Illinois - Chicago


The first photo you would see as a visitor, the renowned "Sky's the Limit" installation by Michael Hayden, which connects O'Hare Airport Concourses B and C in Terminal 1.

See a little bit of the city from the southwest (Canal Street and Wells Street), or see it all from the north along Lake Michigan courtesy Lou Corsaro.

Some more skyline views, from Columbus Drive at Wacker Drive.

A. Finkl's steel company, which of course manufactured its own entry arch, is toward the south side of the city at 93rd Street and Kenwood Avenue.

On Lawrence Avenue, heading east at Sawyer Avenue.

The Merchandise Mart was the largest building in the world when it opened in 1930, with 4 million square feet of floor space. It was so large, it had its own ZIP code for decades.

The 1914 Reid, Murdoch, & Co. Building is two blocks east of the Merchandise Mart. It houses several companies, including those listed on the clock tower.

Go two more blocks and find the newer but arguably more iconic Marina City towers, along the Chicago River on State Street. It was supposed to be a self-contained islet to keep whites in downtown Chicago in the late 1950s, and basically combines everything necessary - parking, stores, recreation, and houses.

Keep going east, cross the river at Wabash Avenue, and find the 1927 "35 East Wacker." It's rare for such a brilliant building to have no name, but it's always been named for one of its inhabitants (first Pure Oil). The building originally had a car elevator for the entire first level (23 stories in all), allowing jewelers safe and immediate access to their offices. It's also a movie star, having played the Gotham City Courthouse in Batman Begins.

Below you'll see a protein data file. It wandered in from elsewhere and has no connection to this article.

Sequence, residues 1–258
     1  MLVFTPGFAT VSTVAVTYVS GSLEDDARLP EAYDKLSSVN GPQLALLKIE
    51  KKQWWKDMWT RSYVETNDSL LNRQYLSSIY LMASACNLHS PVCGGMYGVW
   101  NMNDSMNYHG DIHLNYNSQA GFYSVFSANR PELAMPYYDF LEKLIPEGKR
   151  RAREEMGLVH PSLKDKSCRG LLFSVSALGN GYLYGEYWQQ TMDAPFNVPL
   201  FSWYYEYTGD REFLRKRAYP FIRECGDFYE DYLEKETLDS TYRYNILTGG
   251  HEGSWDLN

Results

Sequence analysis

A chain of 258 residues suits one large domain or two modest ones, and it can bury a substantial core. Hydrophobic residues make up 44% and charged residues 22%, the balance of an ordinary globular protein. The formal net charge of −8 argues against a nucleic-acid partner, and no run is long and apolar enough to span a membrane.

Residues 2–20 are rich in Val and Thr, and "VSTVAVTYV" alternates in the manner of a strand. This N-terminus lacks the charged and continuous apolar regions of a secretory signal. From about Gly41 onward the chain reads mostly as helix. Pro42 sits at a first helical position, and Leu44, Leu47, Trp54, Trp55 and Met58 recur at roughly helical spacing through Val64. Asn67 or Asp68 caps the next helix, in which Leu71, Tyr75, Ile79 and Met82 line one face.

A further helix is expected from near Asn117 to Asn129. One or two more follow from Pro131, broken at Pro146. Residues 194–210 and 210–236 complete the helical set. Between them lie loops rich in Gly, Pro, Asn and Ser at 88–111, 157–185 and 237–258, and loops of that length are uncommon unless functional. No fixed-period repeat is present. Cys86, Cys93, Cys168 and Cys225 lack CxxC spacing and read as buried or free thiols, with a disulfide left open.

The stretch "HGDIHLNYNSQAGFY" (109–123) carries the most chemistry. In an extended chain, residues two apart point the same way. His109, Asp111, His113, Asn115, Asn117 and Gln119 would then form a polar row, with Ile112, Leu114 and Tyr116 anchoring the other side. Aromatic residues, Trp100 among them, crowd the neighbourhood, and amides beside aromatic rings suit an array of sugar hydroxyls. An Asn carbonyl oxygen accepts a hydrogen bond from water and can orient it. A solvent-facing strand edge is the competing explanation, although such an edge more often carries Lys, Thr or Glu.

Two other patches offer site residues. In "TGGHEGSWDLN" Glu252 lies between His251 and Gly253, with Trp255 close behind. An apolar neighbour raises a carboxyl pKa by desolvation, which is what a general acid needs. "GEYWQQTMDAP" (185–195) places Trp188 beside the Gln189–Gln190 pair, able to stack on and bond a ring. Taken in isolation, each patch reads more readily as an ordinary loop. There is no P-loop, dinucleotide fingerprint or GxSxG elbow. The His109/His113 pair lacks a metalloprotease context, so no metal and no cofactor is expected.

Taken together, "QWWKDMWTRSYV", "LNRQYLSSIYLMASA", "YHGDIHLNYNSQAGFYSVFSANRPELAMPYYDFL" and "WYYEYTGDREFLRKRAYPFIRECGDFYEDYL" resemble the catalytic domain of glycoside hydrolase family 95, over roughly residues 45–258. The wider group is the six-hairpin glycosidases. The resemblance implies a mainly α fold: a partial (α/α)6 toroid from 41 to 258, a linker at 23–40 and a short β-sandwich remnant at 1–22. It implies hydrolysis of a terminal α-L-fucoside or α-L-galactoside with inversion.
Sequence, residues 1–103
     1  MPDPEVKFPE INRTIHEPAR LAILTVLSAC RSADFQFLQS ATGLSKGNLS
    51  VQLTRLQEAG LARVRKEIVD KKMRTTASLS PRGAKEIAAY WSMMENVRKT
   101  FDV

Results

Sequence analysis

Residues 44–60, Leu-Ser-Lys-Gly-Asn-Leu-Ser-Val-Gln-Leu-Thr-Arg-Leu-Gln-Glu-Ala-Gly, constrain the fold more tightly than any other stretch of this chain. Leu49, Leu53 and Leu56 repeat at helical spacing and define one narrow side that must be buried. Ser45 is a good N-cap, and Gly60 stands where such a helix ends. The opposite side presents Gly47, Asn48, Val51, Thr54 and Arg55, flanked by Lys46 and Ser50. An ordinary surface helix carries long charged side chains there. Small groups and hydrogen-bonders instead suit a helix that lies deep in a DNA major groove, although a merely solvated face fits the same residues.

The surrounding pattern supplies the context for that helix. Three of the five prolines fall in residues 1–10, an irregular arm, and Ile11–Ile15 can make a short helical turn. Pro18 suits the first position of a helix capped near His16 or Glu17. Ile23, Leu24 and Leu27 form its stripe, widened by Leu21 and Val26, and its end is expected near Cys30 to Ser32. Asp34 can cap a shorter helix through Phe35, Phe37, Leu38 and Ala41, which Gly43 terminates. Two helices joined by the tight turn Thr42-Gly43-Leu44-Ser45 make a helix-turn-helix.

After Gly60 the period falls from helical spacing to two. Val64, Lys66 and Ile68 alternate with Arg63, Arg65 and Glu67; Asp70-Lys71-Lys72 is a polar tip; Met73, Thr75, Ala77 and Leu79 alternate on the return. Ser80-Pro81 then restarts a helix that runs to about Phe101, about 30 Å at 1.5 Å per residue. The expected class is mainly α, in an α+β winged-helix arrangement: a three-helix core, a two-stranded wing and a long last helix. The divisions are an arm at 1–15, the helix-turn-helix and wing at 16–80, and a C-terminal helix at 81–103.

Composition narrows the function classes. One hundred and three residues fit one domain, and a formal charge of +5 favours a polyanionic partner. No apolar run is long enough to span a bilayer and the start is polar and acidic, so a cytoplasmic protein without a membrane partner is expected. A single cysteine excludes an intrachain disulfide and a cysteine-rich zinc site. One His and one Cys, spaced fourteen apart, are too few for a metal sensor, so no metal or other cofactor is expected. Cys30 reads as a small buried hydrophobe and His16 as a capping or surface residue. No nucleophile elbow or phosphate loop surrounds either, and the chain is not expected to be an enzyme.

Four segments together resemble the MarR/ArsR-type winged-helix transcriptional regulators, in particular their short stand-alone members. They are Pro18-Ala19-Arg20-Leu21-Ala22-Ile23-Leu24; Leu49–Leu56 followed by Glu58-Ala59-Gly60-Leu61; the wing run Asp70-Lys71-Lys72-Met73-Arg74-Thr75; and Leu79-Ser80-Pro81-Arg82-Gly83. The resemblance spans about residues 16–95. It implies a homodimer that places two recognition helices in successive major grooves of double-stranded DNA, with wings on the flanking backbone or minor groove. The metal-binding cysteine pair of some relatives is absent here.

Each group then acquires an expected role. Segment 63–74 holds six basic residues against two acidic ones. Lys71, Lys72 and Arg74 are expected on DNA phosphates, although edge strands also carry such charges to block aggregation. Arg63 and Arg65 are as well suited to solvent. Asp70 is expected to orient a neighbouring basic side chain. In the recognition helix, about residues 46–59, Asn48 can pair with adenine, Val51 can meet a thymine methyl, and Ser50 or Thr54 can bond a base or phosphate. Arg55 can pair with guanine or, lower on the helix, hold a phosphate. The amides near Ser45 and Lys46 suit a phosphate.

While I'm at the Wabash Avenue Bridge, here is some of the architectural detail at the Riverwalk entrance there, and then a second entrance at Clark Street. If you like bridge photos, check out the Roads page linked below.

Looking west along the Chicago River from the Michigan Avenue bridge, courtesy Lou Corsaro.

The Wrigley Building is on the northwest side of that bridge. Built in 1920, it's entirely related to the gum and the stadium. It stayed in the family for 91 years.

The famous Art Institute of Chicago is south on Michigan Avenue, inside the Loop (the overhead circle of elevated subways).

Speaking of the Loop, this is the Ogilvie Transportation Center, serving several elevated lines on the west side of the Loop above Washington Boulevard.

I didn't think that's what subways were for. Maybe this is just a subterranean passageway, courtesy Lou Corsaro.

See Chicago River's bridges
Explore Wacker Drive
See more of Chicago's roads
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